Mark and Lard moving to shifts meant less new musical encounters for me, Actually I did get into Spacemaid and Rialto from the show. John Peel never was the same as Scrawn and so it was more gigs and less pub visits. Easy on the ears but less than kind to the pocket. The afternoon slot announced Spearmint and Showgirls to me but you know it's been a bad year when you're Costly disc machine breaks and the records stylus wears out. Back to good old tapes.
What next? After another year of listening to the afternoon show whilst working on my placement year, I'll be back for more Uni life. It's going to be tough, as I can't decide on whether to go back or to sack the course right off and then listen to the wireless, as I owe my life to it.
Some of my favourite songs and Artistes.
It's been a fair number of years since I updated this page and only recently enjoyed reading it again. It reads like I'm a different person yet I know it was me who wrote it. I still love the radio and what it offers so let's continue as far as I can recall.
Okay I did stick with the course, it was silly not too. The radio was still a big part in my life for the final year with regular doses of Mark Radcliffe. Although his afternoon slot was becoming a pain as I was either in lessons or had plenty of typical studenty things to do like go down the pub. In the end I was taping the best bits of the show excluding nearly all the music. Listening to alternative programmes like John Peel and Steve Lamacq kept me up to date with latest goings on in the alternative music world. It wasn't adequate, and I became addicted to buying records that looked liked they would be great. I discovered a lot of quality music that way.
I had a lot of other things on my mind with the end of Univerisity coming quick. I made up my mind and got myself a job in the US for the summer. Life in the US was great, lots of hard work, great weather (even though when I went to Aspen, they said it was the wettest summer ever), plenty of fun inbetween. However the music was dire and absolutely tripe, more specifically my once life saver - the radio became something I hated. I now know why Americans watch more TV, as the radio is dreadful. There were no decent radio stations at all, only odd good songs would pop up but there was no character to the whole thing. Maybe I was expecting too much and wanted to broaden my listening horizons. In the end I survived on my 5 compilation tapes I'd made for the journey. Good job too. Although I did discover cooking and contemplation of life.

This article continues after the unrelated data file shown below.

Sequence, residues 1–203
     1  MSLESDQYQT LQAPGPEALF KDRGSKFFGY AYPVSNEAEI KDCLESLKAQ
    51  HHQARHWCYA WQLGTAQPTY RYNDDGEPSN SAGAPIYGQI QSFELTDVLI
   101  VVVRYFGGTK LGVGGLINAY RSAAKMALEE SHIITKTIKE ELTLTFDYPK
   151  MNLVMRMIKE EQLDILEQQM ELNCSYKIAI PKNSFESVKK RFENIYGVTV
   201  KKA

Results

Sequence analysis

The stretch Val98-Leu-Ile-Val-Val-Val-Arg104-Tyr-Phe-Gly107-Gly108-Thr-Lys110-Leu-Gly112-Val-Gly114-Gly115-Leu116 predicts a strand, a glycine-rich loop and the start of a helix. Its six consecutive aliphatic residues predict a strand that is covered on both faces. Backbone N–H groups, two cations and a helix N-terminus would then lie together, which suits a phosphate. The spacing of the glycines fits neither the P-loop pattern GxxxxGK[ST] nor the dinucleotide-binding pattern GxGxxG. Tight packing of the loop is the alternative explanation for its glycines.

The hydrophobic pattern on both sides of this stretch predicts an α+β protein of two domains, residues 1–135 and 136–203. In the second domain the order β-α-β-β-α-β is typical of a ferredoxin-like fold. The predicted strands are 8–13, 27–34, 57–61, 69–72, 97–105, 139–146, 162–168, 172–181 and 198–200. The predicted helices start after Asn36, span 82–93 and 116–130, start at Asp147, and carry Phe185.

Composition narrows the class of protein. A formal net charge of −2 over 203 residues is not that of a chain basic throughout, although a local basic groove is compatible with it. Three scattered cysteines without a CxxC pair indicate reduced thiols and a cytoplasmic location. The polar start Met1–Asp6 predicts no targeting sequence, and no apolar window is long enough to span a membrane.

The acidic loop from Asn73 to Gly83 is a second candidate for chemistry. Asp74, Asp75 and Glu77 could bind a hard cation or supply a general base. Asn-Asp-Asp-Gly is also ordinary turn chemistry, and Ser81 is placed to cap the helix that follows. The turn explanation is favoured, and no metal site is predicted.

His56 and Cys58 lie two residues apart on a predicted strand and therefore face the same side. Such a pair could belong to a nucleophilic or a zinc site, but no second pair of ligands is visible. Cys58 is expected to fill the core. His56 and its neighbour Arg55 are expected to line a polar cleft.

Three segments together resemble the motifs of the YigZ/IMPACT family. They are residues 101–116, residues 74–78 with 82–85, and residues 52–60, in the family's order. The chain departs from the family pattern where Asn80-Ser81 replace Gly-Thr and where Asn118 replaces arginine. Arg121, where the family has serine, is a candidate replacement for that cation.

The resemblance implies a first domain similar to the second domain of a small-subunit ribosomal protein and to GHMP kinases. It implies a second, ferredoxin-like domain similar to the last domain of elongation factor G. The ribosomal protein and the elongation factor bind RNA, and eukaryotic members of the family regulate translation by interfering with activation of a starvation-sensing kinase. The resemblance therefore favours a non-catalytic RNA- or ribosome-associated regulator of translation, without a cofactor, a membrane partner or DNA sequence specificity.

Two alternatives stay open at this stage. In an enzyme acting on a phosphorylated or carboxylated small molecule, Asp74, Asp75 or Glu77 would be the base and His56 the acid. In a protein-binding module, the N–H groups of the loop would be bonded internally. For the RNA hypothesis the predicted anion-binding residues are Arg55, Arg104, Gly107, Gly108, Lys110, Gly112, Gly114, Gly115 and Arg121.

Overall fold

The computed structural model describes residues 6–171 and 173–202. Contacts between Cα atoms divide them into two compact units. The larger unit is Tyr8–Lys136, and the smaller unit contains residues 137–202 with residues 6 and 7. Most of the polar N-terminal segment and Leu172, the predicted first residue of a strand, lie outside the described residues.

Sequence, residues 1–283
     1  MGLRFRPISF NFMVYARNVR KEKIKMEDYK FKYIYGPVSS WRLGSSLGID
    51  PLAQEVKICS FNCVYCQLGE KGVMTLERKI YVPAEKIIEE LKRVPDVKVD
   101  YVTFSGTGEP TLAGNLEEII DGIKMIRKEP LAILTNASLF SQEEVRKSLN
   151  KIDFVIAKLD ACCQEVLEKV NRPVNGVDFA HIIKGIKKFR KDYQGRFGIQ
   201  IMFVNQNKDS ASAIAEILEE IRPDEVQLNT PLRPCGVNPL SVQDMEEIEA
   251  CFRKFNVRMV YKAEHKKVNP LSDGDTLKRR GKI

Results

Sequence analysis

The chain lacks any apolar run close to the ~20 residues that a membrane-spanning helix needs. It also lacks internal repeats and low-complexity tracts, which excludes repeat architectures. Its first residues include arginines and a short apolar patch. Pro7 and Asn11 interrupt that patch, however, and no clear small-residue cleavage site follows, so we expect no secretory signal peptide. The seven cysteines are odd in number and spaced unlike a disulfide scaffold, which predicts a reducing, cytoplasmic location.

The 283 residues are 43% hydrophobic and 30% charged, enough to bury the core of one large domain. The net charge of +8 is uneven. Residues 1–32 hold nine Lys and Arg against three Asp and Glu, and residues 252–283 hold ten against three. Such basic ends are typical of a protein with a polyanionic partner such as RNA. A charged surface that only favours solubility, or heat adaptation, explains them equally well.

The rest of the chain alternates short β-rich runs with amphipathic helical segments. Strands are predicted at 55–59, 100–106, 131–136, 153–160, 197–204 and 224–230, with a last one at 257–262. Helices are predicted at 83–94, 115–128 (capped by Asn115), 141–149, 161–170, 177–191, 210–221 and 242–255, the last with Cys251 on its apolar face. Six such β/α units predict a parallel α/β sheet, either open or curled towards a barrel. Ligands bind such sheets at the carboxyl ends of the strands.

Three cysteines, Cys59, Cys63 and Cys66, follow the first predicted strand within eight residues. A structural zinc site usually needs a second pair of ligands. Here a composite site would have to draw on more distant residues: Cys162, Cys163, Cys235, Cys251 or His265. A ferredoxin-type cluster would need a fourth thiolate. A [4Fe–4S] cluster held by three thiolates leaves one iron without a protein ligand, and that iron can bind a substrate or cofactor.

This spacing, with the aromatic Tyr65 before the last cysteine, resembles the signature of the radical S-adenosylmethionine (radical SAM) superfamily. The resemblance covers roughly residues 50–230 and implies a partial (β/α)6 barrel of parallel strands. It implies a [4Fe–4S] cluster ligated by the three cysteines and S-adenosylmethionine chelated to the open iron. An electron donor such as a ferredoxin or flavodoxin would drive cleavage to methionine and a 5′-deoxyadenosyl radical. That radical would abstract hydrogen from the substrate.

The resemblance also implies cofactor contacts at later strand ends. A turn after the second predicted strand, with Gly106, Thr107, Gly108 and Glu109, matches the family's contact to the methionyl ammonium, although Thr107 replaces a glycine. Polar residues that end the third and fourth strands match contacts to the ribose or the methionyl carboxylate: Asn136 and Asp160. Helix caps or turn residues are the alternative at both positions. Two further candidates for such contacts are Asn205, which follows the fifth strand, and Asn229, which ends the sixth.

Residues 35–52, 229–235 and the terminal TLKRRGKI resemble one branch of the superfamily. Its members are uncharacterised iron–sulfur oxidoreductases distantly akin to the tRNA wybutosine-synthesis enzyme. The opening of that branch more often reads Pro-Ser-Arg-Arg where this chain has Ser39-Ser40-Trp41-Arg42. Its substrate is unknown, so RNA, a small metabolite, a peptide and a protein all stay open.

Travelling around the States after my work placement was over the radio was that much more inspiring although a lot of 'oldies' stations were welcomed, as were the weird problem shows. It was not until I reached New York and discovered WFMU that my faith in the wireless was restored. Full of weird shows throughout the day and an eclectic music selection. I came back to the England with renewed optimism. By now though the radio was becoming less and less part of my life as work duties took over and I had an early mid-life crisis breaking down. I've gradually got back into the radio after I started my record label and waited in anticipation that he would play some of the releases I've sent him. He did a few times and I was happy. Listening to the Festive 50 in 2001 on Christmas Day and hearing one of my releases getting in at no 50 made me almost have a heart attack.
I recently brought myself a Digital Radio, to get everything in crystal clearness. It was a special limited offer to get more people to listen to the radio and get the benefits of digital everything. I had to rewire the damn thing as they didn't bothered to put any outputs on it, but it was worth the effort. There are a lot of new stations for whatever mood you are in, a bit gimmicky but still available. My new favourite is spoken word station 'Oneword'. DAB is not quite a new listening experience but a step forward for the humble radio to reclaim the stage. Maybe I shall get a picture of a radio tattooed on my arse someday.
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© Edward Jung 1996-2002 this website is not important but it's here for you to see.
'the people I like live in cupboards under the stairs'